Canada stands to gain from a reported World Organization for Animal Health (OIE) resolution that discards the 30-month age limit from the global body’s BSE-related safety standards for international beef trade.
A report Saturday from Japan’s Kyodo news agency, via the Associated Press news service, said the OIE adopted the resolution last week, which may help clear paths for more exports of Canadian beef from cattle of all ages.
According to Ted Haney, president of the Canada Beef Export Federation, the OIE resolution should help expand markets in the 34 countries that still limit imports of Canadian boneless beef to those from animals age 30 months or younger.
OIE safety standards had since 2005 recommended limiting beef exports from countries with BSE to boneless beef from animals under 30 months old (UTMs). According to AP and Kyodo, the new OIE resolution urges that boneless beef exports from cattle of all ages now be allowed for export.
In other words, according to Haney, it now wouldn’t matter if boneless beef comes from a country of unknown, controlled or negligible risk for BSE, or a country that has no ban on ruminant-to-ruminant feeding.
Essentially, as long as specified risk materials (SRMs, the tissues known to harbour the proteins that cause BSE in infected animals) have been removed at slaughter and in processing, boneless beef is safe to trade, Haney said Tuesday.
The OIE’s decision “establishes a much more positive environment” for Canada to press for an end to certain countries’ bans and restrictions, he said. Japan, for example, has since 2005 limited its imports from Canada to beef from cattle under just 20 months of age.
Haney said the CBEF has also heard feedback from South Korea that the OIE’s new resolution is likely to considerably weaken Korea’s case at the World Trade Organization, where Canada in April filed for consultations on that country’s BSE-related ban on Canadian beef.
The UTM rule now observed by some countries did not originate at the OIE, Haney noted, adding that it was a benchmark imposed by the U.S. government and first applied to U.S. imports of Canadian beef in 2003.
The OIE didn’t have a UTM rule until it revised its own guidelines two years later, he said. The U.S. rule was the template, and “it’s taken the OIE to undo it.”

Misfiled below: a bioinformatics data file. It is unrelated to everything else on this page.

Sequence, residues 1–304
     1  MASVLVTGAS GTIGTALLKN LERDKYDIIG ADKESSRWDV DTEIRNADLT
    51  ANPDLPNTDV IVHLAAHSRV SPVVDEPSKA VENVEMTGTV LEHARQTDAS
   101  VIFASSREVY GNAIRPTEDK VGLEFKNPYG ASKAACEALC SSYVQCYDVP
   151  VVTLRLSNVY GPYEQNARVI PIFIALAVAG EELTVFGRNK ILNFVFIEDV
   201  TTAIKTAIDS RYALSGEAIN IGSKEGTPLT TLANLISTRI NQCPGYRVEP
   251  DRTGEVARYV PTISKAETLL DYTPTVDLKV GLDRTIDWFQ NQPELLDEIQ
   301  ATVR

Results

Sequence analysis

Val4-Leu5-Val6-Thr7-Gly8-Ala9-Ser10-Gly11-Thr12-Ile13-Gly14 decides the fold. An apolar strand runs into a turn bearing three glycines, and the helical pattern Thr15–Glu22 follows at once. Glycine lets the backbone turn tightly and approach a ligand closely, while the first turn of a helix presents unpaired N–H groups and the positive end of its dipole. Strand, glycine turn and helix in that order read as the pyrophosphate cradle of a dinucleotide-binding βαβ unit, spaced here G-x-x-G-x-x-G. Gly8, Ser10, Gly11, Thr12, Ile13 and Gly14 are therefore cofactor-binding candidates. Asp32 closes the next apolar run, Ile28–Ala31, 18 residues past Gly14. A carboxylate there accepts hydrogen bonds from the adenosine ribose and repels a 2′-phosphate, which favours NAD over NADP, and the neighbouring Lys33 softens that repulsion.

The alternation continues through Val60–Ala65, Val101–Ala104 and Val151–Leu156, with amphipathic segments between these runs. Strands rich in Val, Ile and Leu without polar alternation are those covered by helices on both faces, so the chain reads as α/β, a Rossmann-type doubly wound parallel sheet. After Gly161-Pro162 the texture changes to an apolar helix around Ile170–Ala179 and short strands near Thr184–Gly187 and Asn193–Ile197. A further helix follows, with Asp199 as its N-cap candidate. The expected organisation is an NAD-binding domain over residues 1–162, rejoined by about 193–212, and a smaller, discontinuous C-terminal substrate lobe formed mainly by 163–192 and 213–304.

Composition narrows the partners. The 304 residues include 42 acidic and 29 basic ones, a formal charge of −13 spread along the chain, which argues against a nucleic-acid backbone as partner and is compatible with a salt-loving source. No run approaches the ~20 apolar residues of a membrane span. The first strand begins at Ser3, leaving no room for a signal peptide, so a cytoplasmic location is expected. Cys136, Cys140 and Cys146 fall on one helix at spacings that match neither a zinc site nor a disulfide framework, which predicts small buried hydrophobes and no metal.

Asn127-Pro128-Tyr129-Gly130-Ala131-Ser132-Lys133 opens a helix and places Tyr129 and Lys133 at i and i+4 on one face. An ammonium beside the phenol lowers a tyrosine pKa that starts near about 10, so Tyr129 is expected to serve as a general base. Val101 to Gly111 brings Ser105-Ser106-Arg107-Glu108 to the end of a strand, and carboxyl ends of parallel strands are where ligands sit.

The OIE’s new resolution, he said, confirms that the U.S. UTM rule was not only detrimental to cross-border trade in the beef sector but was not based in science.
Calls for Japan to budge on its 20-month rule were also expected to gain traction from the OIE’s decision last week to grant “controlled risk” BSE status to Japan.
The Reuters news agency last week quoted beef industry analysts as saying the OIE’s decision on Japan would add pressure on Japan to grant more U.S. imports, as “it could hardly ask countries to end restrictions on its meat due to its new OIE status without easing its own limits on U.S. imports.”
Japan and Korea both shut their ports to all Canadian cattle, beef and related products in May 2003, when Canada found its first domestic case of BSE in an Alberta cow.
The OIE recognized Canada’s “controlled risk” status for BSE in May 2007, taking into account its ban on ruminant-to-ruminant feeding and enforced removal of SRMs at slaughter.
While some countries such as the U.S. have restored market access for Canadian beef and live cattle over time, Ottawa has made “ongoing” representations to Japan and other trading partners, asking that they resume trade in all beef and/or cattle based on Canada’s controlled-risk status.
According to the Canadian Cattlemen’s Association, Japan had been Canada’s third-largest market for beef before May 2003.
In 2002, the CCA said, Canada exported just over $81 million worth of beef to Japan, which the association described as “an important market for certain products that are difficult to sell in Canada.”
South Korea, meanwhile, had previously been Canada’s fourth-largest beef export market, with sales of $50 million in 2002.